This is an oral examination that covers material taught in the five courses (noted above in “Preliminary Examination coursework”). It is administered by a 3-member committee over 90 minutes. The preliminary examination is scheduled twice each academic year, once in early December and once in early May. To sign up please complete the Coursework Examination Sign-up form (PDF).
This is an oral examination that consists of a research presentation followed by questions from a committee, which is typically the thesis committee. It is administered over 1 hour, at a time mutually agreeable to the student and committee. Scheduling of the exam is the responsibility of the student and can be done at any time in the year. The student must also provide a research document, in the format of a conference paper approximately 10 pages in length, to the committee at least one week in advance of the exam.
Pass/Fail/Retake decisions for the coursework examination are made in a faculty meeting at the conclusion of the examination period. Each coursework examination committee (CEC) presents a summary of the test performance and states the decision. The faculty then discuss and vote on the outcome. Students will receive written feedback, on a standardized form filled out by the CEC, about their coursework examination performance.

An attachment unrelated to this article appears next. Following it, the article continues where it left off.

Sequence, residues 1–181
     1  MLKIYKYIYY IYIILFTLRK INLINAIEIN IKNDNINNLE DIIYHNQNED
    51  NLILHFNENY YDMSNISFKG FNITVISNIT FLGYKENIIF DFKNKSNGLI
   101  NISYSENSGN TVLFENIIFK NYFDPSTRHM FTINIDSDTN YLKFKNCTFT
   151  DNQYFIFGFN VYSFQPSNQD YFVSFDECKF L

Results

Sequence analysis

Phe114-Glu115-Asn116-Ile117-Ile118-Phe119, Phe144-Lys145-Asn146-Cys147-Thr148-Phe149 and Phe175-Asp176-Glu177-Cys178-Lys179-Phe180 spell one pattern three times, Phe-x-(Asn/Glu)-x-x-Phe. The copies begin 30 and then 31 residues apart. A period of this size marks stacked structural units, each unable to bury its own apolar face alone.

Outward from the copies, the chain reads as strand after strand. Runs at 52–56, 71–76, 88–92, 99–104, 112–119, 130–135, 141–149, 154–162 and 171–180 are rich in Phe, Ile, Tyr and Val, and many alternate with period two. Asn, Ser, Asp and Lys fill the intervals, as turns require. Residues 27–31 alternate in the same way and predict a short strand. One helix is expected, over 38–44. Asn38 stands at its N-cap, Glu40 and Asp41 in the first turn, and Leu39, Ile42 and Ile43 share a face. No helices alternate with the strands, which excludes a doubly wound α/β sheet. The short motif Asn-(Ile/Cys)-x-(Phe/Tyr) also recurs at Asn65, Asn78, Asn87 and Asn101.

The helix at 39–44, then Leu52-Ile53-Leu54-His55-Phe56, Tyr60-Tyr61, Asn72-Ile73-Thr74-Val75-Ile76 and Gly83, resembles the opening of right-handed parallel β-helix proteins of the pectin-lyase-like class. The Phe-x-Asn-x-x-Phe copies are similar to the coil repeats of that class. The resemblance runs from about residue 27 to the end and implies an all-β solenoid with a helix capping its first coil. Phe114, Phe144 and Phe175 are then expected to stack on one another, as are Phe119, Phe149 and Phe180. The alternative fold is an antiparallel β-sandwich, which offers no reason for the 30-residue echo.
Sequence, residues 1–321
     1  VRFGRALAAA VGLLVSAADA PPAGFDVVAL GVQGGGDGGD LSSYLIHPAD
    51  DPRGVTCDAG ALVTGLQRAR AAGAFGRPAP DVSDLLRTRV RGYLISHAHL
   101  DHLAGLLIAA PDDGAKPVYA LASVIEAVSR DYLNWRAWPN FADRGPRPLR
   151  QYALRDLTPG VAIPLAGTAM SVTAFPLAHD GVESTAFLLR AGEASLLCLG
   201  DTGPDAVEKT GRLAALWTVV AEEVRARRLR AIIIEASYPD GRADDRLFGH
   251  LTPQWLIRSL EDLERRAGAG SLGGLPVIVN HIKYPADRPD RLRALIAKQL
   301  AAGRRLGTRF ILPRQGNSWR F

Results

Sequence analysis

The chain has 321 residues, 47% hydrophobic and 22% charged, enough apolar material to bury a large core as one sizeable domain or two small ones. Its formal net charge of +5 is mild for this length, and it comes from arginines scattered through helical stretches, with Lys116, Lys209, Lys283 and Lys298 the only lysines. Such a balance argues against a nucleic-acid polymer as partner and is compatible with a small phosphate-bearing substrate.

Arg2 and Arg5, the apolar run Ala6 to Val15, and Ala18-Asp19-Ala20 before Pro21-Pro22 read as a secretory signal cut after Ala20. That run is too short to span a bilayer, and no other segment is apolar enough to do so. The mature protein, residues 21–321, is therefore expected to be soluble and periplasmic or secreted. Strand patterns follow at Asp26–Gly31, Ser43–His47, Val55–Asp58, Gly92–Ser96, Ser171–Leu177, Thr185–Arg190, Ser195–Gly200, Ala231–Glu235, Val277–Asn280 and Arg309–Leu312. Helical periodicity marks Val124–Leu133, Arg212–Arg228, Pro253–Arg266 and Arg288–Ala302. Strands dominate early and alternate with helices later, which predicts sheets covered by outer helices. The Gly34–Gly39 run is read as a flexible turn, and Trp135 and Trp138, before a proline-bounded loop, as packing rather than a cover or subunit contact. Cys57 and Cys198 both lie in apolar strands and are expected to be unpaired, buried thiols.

On the research exam, the research examination committee makes a Pass/Fail/Retake decision and communicates it to the student with feedback on performance. If deficiencies are found, students will be encouraged to retake the exam when appropriate. There is no limit to the number of retakes of the research exam, but failing the research exam is grounds for dismissal from the PhD program.
Candidacy can occur once the student:
Doctoral research is carried out under the supervision of a faculty advisor and a dissertation committee; the dissertation committee should normally be formed within one year after the student has achieved doctoral candidacy status. The student should expect to meet with her/his dissertation committee immediately after it is formed and at least on an annual basis up to the PhD defense.
Each student must initiate research activity with his/her advisor in the first year of graduate study at U-M. In order to complete the PhD degree, the student must carry out original and publishable research, present the results in a written dissertation, defend the dissertation at a final oral defense, and complete the final post-defense (see Rackham’s Dissertation Handbook for additional details). The defense presentation represents the culmination of the student’s research and is given to the committee and other faculty and students. The student must be able to clearly and concisely present his/her research and must be able to answer questions from the committee and others in attendance.